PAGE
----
Coffee is a carefully grown and processed agricultural product, not a package of gummy worms. You wouldn’t buy a head of lettuce from the store that had been there for three weeks already. You wouldn’t buy an onion that was pre-sliced and bagged.
Why do we think it’s okay to buy coffee that’s old and ground?
Generous estimates claim that coffee beans stay fresh for about four weeks after roasting. Conservative claims give you about two weeks. One thing is sure: there is a noticeable decline in coffee flavor between weeks two and four.
Dark roasted coffee has long been the grocery store standard since it takes longer for the aromatics and compounds to break down. However, dark roasted beans have the unique flavors from the country of origin and processing method literally roasted out from them. Instead, you get a roasty (often burnt) flavor instead.
Light to medium roasted coffee has gained huge momentum in recent years because they retain the flavor characteristics of their origin countries. Flavor comes at a cost. These flavors break down more quickly.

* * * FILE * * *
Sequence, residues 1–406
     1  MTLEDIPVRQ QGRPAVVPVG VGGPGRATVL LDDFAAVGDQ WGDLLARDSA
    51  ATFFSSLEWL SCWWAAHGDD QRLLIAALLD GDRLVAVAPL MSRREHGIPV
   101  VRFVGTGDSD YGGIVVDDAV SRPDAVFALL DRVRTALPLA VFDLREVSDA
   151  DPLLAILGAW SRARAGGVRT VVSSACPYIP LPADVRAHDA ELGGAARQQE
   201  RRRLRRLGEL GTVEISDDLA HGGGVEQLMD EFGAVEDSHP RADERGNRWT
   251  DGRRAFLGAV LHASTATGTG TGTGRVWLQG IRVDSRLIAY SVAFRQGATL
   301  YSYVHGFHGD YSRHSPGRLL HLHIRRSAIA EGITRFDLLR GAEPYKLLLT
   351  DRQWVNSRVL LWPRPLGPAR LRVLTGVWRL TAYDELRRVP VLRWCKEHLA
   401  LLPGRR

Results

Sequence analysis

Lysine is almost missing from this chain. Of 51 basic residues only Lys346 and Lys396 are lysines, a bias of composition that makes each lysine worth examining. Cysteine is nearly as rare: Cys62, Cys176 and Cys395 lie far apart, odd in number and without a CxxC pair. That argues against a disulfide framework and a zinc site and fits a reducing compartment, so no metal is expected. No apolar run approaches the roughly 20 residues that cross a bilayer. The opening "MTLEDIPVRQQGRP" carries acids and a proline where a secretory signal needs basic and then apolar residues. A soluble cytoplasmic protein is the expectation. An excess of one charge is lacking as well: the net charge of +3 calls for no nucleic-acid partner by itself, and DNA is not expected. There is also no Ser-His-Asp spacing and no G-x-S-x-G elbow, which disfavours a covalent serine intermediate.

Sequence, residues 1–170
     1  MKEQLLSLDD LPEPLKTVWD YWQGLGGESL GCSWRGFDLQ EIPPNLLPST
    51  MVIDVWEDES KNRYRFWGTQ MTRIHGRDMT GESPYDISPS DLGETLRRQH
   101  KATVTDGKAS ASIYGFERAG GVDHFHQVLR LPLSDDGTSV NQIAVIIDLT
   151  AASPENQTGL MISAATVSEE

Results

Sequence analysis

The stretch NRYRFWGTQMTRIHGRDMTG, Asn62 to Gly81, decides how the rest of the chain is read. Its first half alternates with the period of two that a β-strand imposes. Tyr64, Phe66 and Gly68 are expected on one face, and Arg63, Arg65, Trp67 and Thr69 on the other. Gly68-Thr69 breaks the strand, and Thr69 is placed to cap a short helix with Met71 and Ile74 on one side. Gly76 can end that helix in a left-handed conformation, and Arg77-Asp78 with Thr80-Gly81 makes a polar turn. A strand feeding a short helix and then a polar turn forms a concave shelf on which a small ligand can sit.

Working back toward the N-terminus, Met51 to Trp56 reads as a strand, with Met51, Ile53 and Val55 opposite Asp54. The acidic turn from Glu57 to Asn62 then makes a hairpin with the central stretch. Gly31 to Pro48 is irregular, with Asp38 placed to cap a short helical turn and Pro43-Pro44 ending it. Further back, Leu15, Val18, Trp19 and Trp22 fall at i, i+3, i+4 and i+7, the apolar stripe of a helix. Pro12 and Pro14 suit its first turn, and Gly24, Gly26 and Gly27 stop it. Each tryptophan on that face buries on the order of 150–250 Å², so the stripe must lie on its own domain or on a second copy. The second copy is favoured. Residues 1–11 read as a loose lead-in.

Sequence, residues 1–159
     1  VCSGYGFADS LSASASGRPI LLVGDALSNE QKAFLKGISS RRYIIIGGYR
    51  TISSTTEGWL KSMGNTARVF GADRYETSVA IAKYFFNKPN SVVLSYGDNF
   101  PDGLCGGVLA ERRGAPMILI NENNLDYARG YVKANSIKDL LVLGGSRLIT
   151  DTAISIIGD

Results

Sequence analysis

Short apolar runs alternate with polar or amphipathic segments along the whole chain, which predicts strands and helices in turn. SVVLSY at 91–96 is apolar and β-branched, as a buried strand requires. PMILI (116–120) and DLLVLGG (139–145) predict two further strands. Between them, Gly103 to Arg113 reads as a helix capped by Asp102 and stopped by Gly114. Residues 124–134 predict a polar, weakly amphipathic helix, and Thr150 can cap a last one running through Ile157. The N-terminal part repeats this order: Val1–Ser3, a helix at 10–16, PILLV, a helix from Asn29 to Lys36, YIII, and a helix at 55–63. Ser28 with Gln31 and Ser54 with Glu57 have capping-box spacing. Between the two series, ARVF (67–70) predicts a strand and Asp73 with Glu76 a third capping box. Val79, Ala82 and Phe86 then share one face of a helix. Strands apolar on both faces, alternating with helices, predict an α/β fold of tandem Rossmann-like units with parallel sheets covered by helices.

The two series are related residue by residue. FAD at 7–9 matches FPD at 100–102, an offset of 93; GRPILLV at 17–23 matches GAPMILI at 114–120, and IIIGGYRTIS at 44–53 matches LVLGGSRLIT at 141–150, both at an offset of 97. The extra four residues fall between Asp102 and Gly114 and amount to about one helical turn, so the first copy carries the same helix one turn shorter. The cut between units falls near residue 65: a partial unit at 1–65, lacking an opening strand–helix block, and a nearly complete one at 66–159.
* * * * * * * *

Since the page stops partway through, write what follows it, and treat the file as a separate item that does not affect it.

Most of your Walmart coffee brands have light and dark roasted coffee, but the scale for grocery store coffee and the specialty industry is not consistent. By the specialty coffee industry’s standards, all of that coffee is dark. Here’s help on how to tell what’s good quality and what’s not.
Why does coffee go bad?
Once your coffee is opened and introduced to oxygen, the shelf life timer begins to tick. Storing coffee in hot, humid, or sunlight areas will only make matters worse. The best way to keep your coffee fresh is to store it in a container that is air tight and will remain cool – but not in the refrigerator.
Do you typically buy your coffee ground for you? With a far greater surface area of coffee coming in contact with the oxygen, those grounds are going to stale much quicker than whole beans will. I highly recommend investing in a hand or electric grinder to experience the fresh taste and aroma of beans you’ve ground yourself.
When coffee goes bad, it can become bitter and even rancid. Every bean will react differently to oxidation. If you start to notice your expertly roasted beans losing quality and general yumminess, it may be time to buy some fresh beans. Don’t know how to find amazing, fresh coffee? I wrote a guide on that.
No matter what you do, you will not be able to get that fresh flavor back once it has left the bean. The most important thing to do is keep it locked up tight. However, if you are a true coffee lover, it may not sit around long enough to even think about going bad. Just remember this rule of thumb: about two weeks after roast the coffee will start decaying.